Following the 2010 federal election the Australian Labor Party secured the support of three independents and one Green member of the House of Representatives to enable it to form a government. On 11 September 2010, the Prime Minister Julia Gillard announced her new Cabinet which included the former Prime Minister Kevin Rudd as Minister for Foreign Affairs.

Composition[edit]

Since the introduction of the two-tier ministry, meetings of Cabinet are attended by members only, although other ministers may attend if an area of their portfolio is on the agenda. Cabinet meetings are chaired by the Prime Minister, and a senior public servant is present to write the minutes and record decisions.[1]

Since 1942, every member of the Cabinet has been a member of the Australian Labor Party, the Liberal Party of Australia, or the National Party of Australia (known prior to 1974 as the Country Party).

Cabinet confidentiality[edit]

The Australian Cabinet follows the traditions of the British parliamentary cabinet system, in that the Cabinet is responsible to the parliament to make policy decisions, but Cabinet discussions are confidential and are not disclosed to the public apart from the announcement of decisions. This secrecy is necessary to ensure that items of national security are not made public, and so that ministers can speak freely and disagree with each other during discussions.[1]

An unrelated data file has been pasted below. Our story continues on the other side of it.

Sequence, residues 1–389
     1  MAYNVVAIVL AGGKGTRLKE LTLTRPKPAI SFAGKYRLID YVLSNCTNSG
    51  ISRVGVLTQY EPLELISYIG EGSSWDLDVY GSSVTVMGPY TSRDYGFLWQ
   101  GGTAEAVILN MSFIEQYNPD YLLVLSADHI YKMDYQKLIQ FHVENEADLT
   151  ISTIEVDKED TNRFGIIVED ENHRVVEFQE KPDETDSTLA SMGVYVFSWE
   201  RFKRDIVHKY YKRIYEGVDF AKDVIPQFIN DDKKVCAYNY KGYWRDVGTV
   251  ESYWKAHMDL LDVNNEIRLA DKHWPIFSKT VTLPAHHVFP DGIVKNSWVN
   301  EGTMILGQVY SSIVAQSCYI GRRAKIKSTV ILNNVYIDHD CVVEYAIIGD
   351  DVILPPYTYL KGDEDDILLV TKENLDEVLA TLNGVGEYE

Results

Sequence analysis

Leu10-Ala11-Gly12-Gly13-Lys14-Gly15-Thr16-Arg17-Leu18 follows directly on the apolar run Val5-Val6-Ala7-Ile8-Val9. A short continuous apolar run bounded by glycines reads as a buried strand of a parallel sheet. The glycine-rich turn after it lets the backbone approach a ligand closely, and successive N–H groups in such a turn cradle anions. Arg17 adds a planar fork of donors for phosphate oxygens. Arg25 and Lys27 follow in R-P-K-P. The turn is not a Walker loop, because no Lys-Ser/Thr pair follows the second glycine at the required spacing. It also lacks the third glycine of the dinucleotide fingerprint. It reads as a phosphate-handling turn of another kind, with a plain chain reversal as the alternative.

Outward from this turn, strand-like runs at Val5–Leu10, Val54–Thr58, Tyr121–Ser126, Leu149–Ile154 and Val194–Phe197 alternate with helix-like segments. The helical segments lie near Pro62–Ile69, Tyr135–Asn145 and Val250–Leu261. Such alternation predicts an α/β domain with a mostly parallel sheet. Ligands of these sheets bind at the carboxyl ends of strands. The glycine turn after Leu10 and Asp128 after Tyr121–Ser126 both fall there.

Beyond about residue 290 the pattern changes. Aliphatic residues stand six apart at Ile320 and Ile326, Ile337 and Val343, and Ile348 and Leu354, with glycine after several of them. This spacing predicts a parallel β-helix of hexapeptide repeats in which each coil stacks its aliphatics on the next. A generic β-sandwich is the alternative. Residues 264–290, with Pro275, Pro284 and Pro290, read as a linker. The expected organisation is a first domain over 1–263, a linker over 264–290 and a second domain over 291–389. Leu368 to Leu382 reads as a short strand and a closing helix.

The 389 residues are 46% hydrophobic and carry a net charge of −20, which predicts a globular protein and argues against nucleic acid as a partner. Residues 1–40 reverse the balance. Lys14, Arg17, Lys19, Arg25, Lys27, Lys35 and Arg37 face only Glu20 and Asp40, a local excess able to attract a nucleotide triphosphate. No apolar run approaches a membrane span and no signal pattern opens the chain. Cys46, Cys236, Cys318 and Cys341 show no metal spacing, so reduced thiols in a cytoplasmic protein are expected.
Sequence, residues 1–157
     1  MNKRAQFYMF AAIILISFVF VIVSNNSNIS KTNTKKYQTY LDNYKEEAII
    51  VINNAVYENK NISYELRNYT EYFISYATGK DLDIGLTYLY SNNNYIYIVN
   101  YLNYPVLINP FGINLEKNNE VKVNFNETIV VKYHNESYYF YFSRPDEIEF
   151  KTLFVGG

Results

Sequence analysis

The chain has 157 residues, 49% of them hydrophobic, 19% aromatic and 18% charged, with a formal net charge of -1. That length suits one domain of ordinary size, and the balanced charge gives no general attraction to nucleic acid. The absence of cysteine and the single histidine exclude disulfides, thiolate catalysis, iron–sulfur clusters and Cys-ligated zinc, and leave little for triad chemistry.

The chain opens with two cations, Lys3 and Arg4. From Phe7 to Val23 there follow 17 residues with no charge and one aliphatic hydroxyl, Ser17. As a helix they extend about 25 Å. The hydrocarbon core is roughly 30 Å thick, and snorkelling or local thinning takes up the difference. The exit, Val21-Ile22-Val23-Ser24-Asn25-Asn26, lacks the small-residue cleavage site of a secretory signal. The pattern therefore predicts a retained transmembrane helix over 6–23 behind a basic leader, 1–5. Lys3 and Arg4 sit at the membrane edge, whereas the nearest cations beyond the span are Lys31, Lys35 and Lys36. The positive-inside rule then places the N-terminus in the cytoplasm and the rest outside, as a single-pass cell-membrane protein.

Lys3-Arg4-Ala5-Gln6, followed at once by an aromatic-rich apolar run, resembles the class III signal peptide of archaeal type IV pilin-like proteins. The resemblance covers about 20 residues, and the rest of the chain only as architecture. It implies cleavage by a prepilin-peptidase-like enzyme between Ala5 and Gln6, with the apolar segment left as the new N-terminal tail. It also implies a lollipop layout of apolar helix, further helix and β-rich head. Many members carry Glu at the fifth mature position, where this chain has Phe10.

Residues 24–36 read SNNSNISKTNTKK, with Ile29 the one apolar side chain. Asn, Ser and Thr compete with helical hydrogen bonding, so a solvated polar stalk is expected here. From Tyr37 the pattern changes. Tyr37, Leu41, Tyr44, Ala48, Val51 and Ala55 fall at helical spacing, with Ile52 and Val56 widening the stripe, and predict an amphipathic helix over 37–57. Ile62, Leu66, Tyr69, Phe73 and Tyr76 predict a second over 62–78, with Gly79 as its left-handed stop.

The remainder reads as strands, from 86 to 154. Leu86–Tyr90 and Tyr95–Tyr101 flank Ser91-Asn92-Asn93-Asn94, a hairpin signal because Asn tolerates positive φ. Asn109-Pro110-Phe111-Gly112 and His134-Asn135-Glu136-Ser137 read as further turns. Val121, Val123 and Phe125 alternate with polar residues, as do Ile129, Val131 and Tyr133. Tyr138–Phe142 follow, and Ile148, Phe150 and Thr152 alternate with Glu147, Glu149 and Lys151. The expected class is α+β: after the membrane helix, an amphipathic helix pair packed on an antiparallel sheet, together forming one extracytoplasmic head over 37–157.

Cabinet documents are held separately from other documents, and may be destroyed once no longer in use, or when a change of government occurs.[2] Since 1986, minutes and records of Cabinet meetings are embargoed from public release or disclosure for 30 years.[3]

Ministers are bound by a principle of cabinet solidarity, meaning that once cabinet has made a decision, all ministers must publicly support and defend that decision, regardless of their personal views on the subject.[4]

Current Cabinet[edit]

Portfolio Minister Since
Tony Abbott
2013
Warren Truss
2013
Julie Bishop
2013
Eric Abetz
2013
George Brandis
2013
Joe Hockey
2013
Barnaby Joyce
2013
Christopher Pyne
2013
Nigel Scullion
2013
Ian Macfarlane
2013
Kevin Andrews
2013
Malcolm Turnbull
2013
Peter Dutton
2013
Bruce Billson
2013
Andrew Robb
2013
David Johnston
2013
Greg Hunt
2013
Scott Morrison
2013
Mathias Cormann
2013

Shadow Cabinet[edit]

The Opposition in parliament appoints from its ranks a Shadow Cabinet to monitor government ministers and present itself as an alternate government. The portfolios of shadow ministers usually correspond with those of the government. When the Liberal and National parties are in Opposition, the Shadow Cabinet is appointed by the Leader of the Opposition in consultation with the Leader of the Nationals. When Labor has been in Opposition, the Caucus has elected the Shadow Ministry and the Leader has allocated portfolios. Smaller opposition parties often appoint spokespersons for Cabinet portfolios, but these are not referred to as a Shadow Cabinet.

See also[edit]

References[edit]